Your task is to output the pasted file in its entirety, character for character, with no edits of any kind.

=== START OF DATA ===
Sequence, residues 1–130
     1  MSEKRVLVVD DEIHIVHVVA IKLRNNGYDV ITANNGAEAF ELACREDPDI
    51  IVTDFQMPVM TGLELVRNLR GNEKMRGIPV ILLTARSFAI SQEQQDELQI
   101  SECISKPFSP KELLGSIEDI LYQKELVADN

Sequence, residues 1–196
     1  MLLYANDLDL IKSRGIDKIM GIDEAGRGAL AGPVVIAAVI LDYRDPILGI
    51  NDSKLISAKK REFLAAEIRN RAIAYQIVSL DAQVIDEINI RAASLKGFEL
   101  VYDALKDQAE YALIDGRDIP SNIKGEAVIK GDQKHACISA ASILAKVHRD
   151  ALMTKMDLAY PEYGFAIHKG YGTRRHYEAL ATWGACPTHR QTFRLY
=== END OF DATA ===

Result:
Sequence, residues 1–130
     1  MSEKRVLVVD DEIHIVHVVA IKLRNNGYDV ITANNGAEAF ELACREDPDI
    51  IVTDFQMPVM TGLELVRNLR GNEKMRGIPV ILLTARSFAI SQEQQDELQI
   101  SECISKPFSP KELLGSIEDI LYQKELVADN

Sequence, residues 1–196
     1  MLLYANDLDL IKSRGIDKIM GIDEAGRGAL AGPVVIAAVI LDYRDPILGI
    51  NDSKLISAKK REFLAAEIRN RAIAYQIVSL DAQVIDEINI RAASLKGFEL
   101  VYDALKDQAE YALIDGRDIP SNIKGEAVIK GDQKHACISA ASILAKVHRD
   151  ALMTKMDLAY PEYGFAIHKG YGTRRHYEAL ATWGACPTHR QTFRLY